Cannondale Quick SL-1 (2012 model year); Bianchi touring bike (1985 - Sold); Raleigh Super Course (1975 model year - given to a friend's son)
Tire pressure – advice please
First summer riding my Cannondale Quick SL-1 – I have now ridden about 1200km and loving it. As a retiree with time on my hands I am making this rather long post in an attempt to improve my knowledge.
The bike came equipped with 32mm Continental Sport Contact tires rated at 85 max PSI. When I started riding I was surprised how rough/uneven some of the surfaces were (despite using exclusively paved roads / bike paths) and almost started second guessing my decision not to get front suspension forks! Over time it seemed to me the ride comfort improved … but then I checked my tire pressures and found them to be much lower than rated 85lbs recommended by LBS. Pumped them back up and oh-no the imperfect surface was again occassionally very apparent especially at the front.
Internet search located research article (http://www.bikequarterly.com/images/TireDrop.pdf) – in summary suggested that tire pressures should reflect (i) tire size and (ii) how overall weight is distributed between front and rear. Using the bathroom scales (don’t tell the wife) my overall weight was about 220lbs distributed about 40% (88lbs) front and 60% (132lbs) rear. Based on my interpretation of the chart in the article, recommended pressures are about 85PSI rear & 50PSI front.
I have lowered my front pressure to 65PSI (higher than the research article based on my concern about such a dramatic reduction) and use 85PSI rear. The comfort level has improved dramatically, and I notice no loss of performance. No punctures yet (touch wood) – and while I carry spare inner tube/tire levers/pump I really am not wanting to encourage them.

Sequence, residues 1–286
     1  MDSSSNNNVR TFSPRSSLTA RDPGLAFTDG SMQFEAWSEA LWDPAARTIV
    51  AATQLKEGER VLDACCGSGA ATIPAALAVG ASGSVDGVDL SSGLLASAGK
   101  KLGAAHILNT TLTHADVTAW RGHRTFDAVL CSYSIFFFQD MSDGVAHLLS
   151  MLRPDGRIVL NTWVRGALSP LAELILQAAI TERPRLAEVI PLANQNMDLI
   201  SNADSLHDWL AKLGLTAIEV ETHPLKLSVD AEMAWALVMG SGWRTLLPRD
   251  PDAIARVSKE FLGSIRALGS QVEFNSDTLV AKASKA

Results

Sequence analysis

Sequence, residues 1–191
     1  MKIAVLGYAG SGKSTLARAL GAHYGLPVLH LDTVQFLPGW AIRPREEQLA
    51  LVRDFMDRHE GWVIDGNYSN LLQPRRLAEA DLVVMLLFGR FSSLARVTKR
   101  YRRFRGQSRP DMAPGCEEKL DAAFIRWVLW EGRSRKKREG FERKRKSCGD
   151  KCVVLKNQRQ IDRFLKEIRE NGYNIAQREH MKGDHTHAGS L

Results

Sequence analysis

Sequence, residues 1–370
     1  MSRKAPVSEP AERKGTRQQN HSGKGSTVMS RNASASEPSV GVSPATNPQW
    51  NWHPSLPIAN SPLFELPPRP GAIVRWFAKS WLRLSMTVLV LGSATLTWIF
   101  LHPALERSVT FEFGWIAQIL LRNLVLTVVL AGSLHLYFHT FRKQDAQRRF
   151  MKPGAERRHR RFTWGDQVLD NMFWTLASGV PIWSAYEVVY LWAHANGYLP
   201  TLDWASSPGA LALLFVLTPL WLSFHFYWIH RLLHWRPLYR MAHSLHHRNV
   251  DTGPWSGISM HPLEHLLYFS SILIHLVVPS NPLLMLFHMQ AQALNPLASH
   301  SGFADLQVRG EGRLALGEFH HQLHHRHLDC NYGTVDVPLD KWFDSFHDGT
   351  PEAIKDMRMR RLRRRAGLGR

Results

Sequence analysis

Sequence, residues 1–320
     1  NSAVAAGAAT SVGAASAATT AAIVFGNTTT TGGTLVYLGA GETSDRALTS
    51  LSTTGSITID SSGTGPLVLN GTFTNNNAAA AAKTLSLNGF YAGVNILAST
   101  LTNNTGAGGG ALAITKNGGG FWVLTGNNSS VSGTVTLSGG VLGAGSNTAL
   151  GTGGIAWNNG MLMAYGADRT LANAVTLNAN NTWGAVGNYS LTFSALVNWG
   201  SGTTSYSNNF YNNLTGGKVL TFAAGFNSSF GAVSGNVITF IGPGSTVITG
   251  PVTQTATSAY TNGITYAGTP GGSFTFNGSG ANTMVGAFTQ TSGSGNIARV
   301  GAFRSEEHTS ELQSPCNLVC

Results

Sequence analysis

Bearing in mind my 32mm tire, overall weight 220lbs split 40%/60% front rear:
~ Any comments on my choice of tire pressures?
~ Would anyone suggest I go lower than 65PSI front?
I'm roughly the same size, and also ride on 700x32 tires. I ride an aluminum frame Fuji Absolute, but I went with an Absolute 2.1 with a steel fork. I found the steel fork had much better dampening properties than the aluminum forks. I was on a budget and didn't look at bikes with carbon forks. I typically go with 80# pressure front a rear. I usually check the pressure by hand before every ride, but use the pump and guage every other ride to top them off. I find that on the second day, the pressure will be around 70-75#, and while it may be a bit smoother, I can tell the difference in rolling resistance. It's a tradeoff I'm willing to make. Good gloves and Ergon GP2 grips along with the steel fork help smooth the vibration transmitted to my hands.